Penguin Prison

Lost in New York

  • AllMusic Rating
    7
  • User Ratings (0)
  • Your Rating

AllMusic Review by

Picking up where he left off on Penguin Prison's eponymous electro-pop debut, 2010's Williamsburg, Brooklyn-meets-1983-synth pop -- often to an uncanny degree -- on Chris Glover's follow-up, Lost in New York. Though some tracks are slower than others, like the clubby semi-ballad "Caught in a Daze," it's got an all-dance-all-the-time feel, with distinctly early-'80s bleep-bloop synth sounds, spacious, easy-to-digest arrangements, and strong melodies under a warm tenor. The net display of these elements, as well as the sleek production, is reminiscent of early Howard Jones a lot of the time, but with a darker vocal delivery and perhaps dosed with a touch of earliest Prince (think "Controversy"). It's a slightly groovier context for those weighty if glacé electronic timbres, a recipe that's resulted in the project being likened to LCD Soundsystem, though they're unlikely to be confused for one another. The album's first single, "Calling Out," was co-written with electronic duo Oliver and features staccato keyboards, angsty lyrics on verses, and Glover's falsetto on a memorable melody in the chorus. Several tracks, like the syncopated "Show Me the Way," offer rhythmic guitar, adding texture to dance beats and vibrating synths. "Don't Tell Me How It Ends" is a standout with funky electric guitar and more percussive attacks than elsewhere. MNDR's Amanda Warner and Peter Wade co-wrote the groovy "Never Gets Old" with Glover, a fitting title for the retro-instrument voices and poppy style of the song and, in general, of the album. (It also may or may not be coincidence that the record's opening lyrics are "Turn it back/Now spin around/Can we go back a second/To the way it was back then.") With other boxes ticked, if Lost in New York has a weakness it's that the songs being to resemble one other as the album progresses, but with a majority of the track list sounding like singles, listeners would be best advised to put on some dancing boots and maybe some leg warmers, and sparkle along in time.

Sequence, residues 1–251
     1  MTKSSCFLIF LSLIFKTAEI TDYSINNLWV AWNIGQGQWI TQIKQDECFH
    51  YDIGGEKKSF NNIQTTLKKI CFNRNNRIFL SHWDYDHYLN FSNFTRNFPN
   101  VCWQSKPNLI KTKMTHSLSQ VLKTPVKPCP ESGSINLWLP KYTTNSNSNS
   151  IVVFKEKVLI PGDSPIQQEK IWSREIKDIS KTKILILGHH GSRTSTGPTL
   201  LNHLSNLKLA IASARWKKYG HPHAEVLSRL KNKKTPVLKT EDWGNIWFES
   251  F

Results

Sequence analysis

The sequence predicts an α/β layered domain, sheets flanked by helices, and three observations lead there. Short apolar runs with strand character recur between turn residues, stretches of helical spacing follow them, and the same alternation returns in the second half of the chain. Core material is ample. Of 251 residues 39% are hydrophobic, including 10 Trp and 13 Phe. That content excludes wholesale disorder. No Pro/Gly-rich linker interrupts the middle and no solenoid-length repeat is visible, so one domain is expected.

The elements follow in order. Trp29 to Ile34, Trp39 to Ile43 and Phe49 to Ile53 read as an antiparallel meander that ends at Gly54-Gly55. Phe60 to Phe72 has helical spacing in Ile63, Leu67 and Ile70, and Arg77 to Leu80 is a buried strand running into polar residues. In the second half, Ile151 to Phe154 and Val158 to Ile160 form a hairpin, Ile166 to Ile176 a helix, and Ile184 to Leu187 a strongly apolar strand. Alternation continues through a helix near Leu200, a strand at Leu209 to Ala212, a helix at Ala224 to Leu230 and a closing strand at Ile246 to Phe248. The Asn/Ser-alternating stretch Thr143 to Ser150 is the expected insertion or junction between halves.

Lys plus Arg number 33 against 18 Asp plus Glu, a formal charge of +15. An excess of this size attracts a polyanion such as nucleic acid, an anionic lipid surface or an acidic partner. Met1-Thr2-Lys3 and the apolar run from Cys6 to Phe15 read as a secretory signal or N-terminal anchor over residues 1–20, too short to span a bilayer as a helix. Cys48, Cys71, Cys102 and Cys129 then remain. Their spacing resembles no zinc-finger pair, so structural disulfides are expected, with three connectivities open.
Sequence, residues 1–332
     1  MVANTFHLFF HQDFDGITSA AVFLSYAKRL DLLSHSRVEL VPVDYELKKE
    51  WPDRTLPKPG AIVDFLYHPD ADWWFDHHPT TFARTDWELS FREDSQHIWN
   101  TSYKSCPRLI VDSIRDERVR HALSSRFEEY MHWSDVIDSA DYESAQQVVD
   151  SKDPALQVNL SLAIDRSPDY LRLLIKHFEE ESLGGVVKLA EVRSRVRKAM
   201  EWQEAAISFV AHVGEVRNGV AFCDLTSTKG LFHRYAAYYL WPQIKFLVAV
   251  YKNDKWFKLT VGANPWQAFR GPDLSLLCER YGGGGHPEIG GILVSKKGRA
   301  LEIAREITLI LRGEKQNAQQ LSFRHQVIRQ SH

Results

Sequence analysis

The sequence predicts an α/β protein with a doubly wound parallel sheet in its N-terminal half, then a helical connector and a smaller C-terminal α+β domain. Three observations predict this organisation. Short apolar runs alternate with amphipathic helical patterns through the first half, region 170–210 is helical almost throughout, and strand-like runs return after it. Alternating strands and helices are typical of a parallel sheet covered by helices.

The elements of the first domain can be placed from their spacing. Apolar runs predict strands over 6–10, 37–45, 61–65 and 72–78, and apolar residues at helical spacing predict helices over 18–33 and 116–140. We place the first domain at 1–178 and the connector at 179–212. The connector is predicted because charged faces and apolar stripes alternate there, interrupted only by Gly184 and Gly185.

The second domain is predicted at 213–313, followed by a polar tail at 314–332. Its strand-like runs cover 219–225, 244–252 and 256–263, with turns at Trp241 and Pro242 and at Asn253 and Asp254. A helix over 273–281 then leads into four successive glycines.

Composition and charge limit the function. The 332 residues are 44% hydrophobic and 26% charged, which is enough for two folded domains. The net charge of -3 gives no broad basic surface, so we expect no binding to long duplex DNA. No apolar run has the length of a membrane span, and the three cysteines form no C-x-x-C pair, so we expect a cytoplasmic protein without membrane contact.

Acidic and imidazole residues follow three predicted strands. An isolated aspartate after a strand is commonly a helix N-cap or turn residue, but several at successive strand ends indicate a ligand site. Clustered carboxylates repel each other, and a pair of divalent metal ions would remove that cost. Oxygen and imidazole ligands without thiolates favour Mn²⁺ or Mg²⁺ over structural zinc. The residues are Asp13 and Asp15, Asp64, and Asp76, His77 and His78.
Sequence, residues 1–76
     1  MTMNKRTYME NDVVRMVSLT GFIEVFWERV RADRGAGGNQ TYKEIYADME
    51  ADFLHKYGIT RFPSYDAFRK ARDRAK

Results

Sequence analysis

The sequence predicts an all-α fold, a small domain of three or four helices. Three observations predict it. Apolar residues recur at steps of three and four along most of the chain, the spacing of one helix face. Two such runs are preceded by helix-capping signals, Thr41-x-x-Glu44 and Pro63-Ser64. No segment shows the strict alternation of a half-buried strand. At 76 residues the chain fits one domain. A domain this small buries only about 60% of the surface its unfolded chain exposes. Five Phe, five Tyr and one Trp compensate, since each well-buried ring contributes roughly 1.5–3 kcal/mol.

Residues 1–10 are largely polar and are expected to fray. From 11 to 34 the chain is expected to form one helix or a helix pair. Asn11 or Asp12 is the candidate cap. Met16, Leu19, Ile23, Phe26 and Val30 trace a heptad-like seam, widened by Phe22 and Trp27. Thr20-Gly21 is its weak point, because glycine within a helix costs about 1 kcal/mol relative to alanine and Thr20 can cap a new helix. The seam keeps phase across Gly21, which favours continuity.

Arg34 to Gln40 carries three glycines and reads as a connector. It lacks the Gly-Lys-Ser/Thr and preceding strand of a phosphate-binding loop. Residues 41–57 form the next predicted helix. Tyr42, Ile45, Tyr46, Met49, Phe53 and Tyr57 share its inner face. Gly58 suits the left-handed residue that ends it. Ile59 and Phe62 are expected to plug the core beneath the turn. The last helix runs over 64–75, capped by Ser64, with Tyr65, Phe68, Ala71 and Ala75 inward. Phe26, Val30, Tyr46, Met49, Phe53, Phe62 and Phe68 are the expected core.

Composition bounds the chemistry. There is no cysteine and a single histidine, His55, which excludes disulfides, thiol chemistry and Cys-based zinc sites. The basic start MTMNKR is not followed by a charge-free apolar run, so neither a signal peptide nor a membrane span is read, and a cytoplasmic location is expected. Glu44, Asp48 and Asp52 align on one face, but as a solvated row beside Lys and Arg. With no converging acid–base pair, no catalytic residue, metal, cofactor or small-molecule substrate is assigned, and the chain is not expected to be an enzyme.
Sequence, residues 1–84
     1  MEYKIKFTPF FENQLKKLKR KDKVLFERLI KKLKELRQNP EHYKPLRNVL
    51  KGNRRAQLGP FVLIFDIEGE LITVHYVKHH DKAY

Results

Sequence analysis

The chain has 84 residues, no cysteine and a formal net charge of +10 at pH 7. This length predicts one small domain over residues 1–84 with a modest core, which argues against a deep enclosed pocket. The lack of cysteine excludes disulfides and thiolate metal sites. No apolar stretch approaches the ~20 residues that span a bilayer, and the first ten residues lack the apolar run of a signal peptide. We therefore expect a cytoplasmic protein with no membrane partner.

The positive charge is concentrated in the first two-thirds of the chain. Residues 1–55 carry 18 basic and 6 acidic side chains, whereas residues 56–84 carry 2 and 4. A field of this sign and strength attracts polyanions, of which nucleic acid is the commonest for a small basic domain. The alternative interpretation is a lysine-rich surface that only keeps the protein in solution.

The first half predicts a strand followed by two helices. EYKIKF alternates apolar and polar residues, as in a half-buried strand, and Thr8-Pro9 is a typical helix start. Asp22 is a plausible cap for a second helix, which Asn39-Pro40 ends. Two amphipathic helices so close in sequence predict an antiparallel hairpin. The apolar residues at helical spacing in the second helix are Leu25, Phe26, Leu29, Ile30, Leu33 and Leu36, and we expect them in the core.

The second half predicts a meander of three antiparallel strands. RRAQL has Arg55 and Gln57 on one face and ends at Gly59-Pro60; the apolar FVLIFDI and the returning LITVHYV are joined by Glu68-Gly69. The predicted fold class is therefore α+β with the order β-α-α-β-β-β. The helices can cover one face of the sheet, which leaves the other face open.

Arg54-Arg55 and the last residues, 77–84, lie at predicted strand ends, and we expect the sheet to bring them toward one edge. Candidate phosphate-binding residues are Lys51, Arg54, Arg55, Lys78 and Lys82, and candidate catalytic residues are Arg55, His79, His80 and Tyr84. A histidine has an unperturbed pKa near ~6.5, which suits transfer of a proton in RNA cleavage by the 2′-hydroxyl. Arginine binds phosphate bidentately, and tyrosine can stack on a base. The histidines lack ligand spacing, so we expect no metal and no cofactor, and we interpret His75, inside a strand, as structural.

blue highlight denotes track pick